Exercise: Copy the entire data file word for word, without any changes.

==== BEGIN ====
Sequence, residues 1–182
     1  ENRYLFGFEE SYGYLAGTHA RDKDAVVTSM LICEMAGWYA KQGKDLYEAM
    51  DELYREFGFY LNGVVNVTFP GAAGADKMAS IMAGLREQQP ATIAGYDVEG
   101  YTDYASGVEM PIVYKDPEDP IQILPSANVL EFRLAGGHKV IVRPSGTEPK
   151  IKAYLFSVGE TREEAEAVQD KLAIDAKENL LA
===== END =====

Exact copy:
Sequence, residues 1–182
     1  ENRYLFGFEE SYGYLAGTHA RDKDAVVTSM LICEMAGWYA KQGKDLYEAM
    51  DELYREFGFY LNGVVNVTFP GAAGADKMAS IMAGLREQQP ATIAGYDVEG
   101  YTDYASGVEM PIVYKDPEDP IQILPSANVL EFRLAGGHKV IVRPSGTEPK
   151  IKAYLFSVGE TREEAEAVQD KLAIDAKENL LA